How we photographers can bring ourselves back to the present moment, by appreciating the ground beneath our feet.
Day #1859 – 1st February 2013
One of my favourite parables is that told by Russell Conwell of the rich man who, on being told of diamonds by a priest, became discontented and restless. He sold his farm and set off in search, only to find none and to take his own life. The man who bought his farm found a sparkling rock in a stream and unearthed there an acre of diamonds.
The moral is, of course, that the very fortunes we seek might be right here in our own backyards, under our feet indeed.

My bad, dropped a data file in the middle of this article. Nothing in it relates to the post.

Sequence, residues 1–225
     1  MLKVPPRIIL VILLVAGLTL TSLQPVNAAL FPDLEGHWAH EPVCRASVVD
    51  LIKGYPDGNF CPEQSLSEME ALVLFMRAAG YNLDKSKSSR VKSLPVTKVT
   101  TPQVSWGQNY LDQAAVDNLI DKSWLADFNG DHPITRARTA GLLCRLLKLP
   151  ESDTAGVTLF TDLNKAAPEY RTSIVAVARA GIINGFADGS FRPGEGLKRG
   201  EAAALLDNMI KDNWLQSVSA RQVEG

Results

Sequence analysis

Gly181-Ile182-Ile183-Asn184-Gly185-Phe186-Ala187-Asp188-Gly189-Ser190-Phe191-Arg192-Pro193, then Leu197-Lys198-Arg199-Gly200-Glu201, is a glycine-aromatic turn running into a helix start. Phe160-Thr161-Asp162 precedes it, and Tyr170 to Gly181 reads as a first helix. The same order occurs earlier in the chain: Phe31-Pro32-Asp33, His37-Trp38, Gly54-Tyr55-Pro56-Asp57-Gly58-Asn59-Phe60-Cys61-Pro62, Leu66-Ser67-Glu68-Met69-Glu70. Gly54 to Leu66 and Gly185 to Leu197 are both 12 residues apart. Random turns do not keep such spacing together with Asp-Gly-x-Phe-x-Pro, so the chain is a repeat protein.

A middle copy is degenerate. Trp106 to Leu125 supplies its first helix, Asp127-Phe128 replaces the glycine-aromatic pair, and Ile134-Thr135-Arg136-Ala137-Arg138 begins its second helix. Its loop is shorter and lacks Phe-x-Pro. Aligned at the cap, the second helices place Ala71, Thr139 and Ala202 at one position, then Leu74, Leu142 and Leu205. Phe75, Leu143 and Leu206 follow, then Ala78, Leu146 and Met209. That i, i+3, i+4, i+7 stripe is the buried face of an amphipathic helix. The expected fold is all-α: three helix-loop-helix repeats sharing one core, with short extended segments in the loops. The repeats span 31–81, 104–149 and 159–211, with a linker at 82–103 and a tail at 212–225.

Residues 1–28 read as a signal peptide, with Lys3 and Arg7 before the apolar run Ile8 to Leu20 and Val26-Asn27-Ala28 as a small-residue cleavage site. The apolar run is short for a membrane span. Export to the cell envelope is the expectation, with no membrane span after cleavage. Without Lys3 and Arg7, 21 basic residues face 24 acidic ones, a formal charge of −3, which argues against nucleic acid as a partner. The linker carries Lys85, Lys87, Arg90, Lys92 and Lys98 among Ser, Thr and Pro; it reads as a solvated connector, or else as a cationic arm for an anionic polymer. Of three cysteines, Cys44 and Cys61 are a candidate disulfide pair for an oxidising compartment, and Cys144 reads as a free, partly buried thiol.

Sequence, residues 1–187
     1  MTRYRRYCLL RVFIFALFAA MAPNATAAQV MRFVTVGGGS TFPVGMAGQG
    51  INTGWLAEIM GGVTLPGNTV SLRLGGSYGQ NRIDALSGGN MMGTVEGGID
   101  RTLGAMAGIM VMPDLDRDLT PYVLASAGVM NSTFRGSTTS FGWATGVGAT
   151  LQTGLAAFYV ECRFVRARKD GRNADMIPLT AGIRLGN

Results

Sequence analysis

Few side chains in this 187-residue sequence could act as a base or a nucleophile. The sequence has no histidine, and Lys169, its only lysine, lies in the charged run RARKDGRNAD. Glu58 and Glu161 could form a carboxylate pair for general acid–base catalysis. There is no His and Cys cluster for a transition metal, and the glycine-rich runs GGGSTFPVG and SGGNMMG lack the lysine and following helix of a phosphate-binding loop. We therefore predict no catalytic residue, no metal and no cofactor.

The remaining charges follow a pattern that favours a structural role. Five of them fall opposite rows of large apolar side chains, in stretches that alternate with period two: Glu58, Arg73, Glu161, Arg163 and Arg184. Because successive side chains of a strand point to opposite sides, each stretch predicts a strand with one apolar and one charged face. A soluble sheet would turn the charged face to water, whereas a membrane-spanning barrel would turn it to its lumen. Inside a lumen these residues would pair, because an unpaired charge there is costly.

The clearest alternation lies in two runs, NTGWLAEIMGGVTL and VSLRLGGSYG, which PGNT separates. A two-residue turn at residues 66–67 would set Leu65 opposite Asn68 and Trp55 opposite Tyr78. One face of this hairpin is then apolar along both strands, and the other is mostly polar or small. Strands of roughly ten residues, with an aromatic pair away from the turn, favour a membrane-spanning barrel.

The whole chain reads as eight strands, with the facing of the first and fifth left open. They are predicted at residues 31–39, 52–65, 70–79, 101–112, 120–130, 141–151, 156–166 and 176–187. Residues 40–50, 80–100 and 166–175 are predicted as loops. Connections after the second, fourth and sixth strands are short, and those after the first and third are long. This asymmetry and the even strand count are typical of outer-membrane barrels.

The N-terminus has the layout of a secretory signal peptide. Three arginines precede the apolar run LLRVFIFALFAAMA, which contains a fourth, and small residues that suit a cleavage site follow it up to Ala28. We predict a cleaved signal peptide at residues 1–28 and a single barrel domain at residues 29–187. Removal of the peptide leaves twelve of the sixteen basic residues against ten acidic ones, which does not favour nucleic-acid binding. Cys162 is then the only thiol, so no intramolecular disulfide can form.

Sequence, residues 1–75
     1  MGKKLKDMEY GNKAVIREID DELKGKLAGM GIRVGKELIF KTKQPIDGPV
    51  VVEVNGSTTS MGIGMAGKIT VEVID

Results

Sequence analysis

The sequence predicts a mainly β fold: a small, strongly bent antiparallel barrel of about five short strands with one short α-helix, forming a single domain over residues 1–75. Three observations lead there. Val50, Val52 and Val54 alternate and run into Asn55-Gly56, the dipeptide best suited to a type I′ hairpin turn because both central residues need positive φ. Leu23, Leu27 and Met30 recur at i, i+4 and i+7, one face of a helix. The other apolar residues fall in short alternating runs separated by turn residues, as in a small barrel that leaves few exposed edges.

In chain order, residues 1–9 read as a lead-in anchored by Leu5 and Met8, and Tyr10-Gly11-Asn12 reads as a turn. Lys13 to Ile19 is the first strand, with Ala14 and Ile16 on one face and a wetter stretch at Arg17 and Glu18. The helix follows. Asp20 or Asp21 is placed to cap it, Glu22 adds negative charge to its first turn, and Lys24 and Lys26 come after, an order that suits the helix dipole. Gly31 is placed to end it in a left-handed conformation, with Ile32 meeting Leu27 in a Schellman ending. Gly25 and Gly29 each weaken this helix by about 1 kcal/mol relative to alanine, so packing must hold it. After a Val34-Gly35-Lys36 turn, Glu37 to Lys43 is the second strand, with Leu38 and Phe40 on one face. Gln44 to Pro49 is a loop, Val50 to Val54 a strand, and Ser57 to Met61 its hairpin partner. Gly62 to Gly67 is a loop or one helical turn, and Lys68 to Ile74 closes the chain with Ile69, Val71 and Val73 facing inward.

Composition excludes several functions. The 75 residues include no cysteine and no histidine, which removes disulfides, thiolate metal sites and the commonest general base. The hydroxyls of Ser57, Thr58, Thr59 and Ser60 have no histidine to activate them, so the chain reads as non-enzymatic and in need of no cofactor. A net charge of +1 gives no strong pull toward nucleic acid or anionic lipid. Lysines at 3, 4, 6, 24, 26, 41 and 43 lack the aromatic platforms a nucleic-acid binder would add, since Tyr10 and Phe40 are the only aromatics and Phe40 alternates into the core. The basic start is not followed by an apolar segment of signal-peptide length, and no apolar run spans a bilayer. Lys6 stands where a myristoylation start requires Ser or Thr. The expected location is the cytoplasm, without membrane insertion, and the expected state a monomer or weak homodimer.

Photographers do this often. We see faraway, exotic lands as the places to make winning photographs. We travel to Africa and the Grand Canyon in pursuit of photographic diamonds only for it to appear that they have all been harvested already. And in that pursuit we forget to see with our own eyes and to experience the place to the fullest extent for ourselves. Everything we experience is right here, right now, where we are standing, in this moment?
All the while, right here, right now beneath our feet, is a unique landscape, one never before photographed. And right next to it is another. And another. And there’s more in each and every room we visit. The world around us is packed with untold photographic riches. A 365 project teaches us this.
This image might not be quite an acre of diamonds, but it is right there where I stood in that moment. I just looked down at my feet … Read the story …